Basement Theatre, Lower Greys Ave, Auckland

27/04/2013 - 04/05/2013

Fringe Bar, Cnr Cuba & Vivian, Wellington

14/05/2013 - 18/05/2013

NZ International Comedy Festival 2007-09, 2013

Production Details


Two of the brightest and beigest rising stars of New Zealand comedy bring you back to back servings of all their latest comedy thoughts. 2011 Billy T Award winner Nick Gibb (7 Days, Comedy Gala) and two-time Billy T nominee TJ McDonald (7 Days, A Night At The Classic) come together to feed you a lovin’ spoonful of melanin-deficient comedy goodness. The show opens in Auckland on the 27th of April, and in Wellington on the 14th of May.

Whether actually tackling the subject of sex, or just bringing their pallid sexual charisma to jokes about sandwiches or whatever, TJ and Nick would love you to come and watch them make the beast with two backs, two fronts, and one microphone.*

*Just so we’re clear – overwrought sexual imagery aside – this is a standup show. It isn’t some sort of homoerotic performance art piece. Or it isn’t supposed to be, but that’s what great about live comedy, isn’t it? Anything can happen. Probably not that though.

TJ McDonald is a regular performer and MC at The Classic, as well as a television writer. He has been performing standup comedy for eight years and has become known for his thought provoking, fiercely intellectual comedy. His two solo festival shows “A Maori Ate My Great Grandad” and “My Life Has Been a Series of Poorly Made Decisions” achieved critical acclaim and packed houses. Both were nominated for the Billy T Award.

“In his relaxed, casual, self-effacing yet quietly confident way, TJ McDonald delivers.”  Theatreview

Nick Gibb spent six years honing his skills as a sketch comedian and improviser in the unforgiving comedy wilderness of Palmerston North, before tentatively beginning to expose audiences to his “ever so slightly divisive (but smart)” standup in 2007. Since then he has performed ravingly received solo shows in the NZ Comedy Festival and the Edinburgh Festival. This year he filmed a comedy special for TVNZ, “The Year That Was”.

“Nick Gibb is a genuinely talented comedian, erudite and educated… brilliantly original material. I would be very surprised if Nick Gibb wasn’t a name with serious clout in the comedy world in the near future.” Edinburgh Guide

As part of the 2013 NZ International Comedy Festival


Dates:  27 April, 1 May-4 May, 10pm
Venue:  The Basement, Lower Greys Ave, CBD 
Tickets:  Adults $20, Conc. $18
Bookings: 0800 TICKETEK or

Dates: 14 May – 18 May, 8.30pm
Venue:  Fringe Bar, Cnr Vivian & Cuba St
Tickets:  Adults $20, Conc. $18
Bookings:  0800 TICKETEK or

For the sweetest deals and hottest comedy news throughout the Festival head to

Worth a look

Review by Stewart Sowman-Lund 15th May 2013

After mingling with some of the crowd at the bar, TJ McDonald takes to the stage in front of the mostly full Fringe Bar, to a warm welcome and a self-spoken introduction. Over the next 30 or so minutes we are treated to a collection of funny anecdotes and friendly audience banter, with McDonald almost acting as the warm-up act to Nick Gibb, who has the second 30 minute set.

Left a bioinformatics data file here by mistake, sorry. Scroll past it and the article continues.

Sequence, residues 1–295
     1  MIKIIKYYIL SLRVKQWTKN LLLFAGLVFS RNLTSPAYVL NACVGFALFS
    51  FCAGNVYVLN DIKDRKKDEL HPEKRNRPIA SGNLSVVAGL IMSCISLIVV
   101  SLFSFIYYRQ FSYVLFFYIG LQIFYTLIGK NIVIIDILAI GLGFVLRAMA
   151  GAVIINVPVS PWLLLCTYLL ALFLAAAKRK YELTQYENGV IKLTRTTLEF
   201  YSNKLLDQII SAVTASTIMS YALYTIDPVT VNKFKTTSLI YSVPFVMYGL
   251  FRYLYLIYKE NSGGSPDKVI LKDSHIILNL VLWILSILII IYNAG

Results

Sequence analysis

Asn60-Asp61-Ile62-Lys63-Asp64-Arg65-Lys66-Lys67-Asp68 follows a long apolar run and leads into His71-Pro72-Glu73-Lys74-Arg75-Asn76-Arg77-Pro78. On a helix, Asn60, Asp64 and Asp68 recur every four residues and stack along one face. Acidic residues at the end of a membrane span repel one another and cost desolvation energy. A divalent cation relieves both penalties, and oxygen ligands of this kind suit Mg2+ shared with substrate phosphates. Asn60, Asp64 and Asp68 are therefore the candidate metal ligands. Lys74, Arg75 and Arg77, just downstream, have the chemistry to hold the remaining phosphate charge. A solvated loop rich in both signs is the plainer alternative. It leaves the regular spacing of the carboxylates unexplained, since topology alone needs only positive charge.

McDonald touches on many topics considered typically considered taboo – religion, race and marriage equality, amongst others – and holds nothing back. Thankfully, as established early on in the show, it seemed nobody with strong beliefs is in the crowd (or at least, nobody will admit to it), and the audience laps it up.

Nick Gibb bounds onto the stage with energy and rock music, and presents a collection of unrelated stories that are mostly very funny, but come across as very generic topics for comedians: drugs, alcohol and for the second time tonight, marriage equality. Thankfully, he is happy to admit that most of his stories are just there for entertainment, occur in ‘supermarkets’, and could easily be moved to other locations where they would work equally well.

I do feel that his structure lets him down a bit, with his act consisting of a collection of seemingly random anecdotes and opinions which, although rather funny, do not seem to have an overarching purpose. The highlights of the set are his ‘statistical humour’ and stories about Valentine’s Day for singles. While his everlasting energy in his performance is admirable, I find his overall set less funny than McDonald’s.

As a whole, however, the audience seems to respond best to Nick Gibb, but for me, McDonald is the better on the night. Perhaps he comes across a bit awkward, but his jokes are at the right levels of clever and shocking.  Together, the two acts seem a good match – their styles of comedy neither too different, nor too similar. If you want to get out and see a couple of funny New Zealanders, this show is worth a look.


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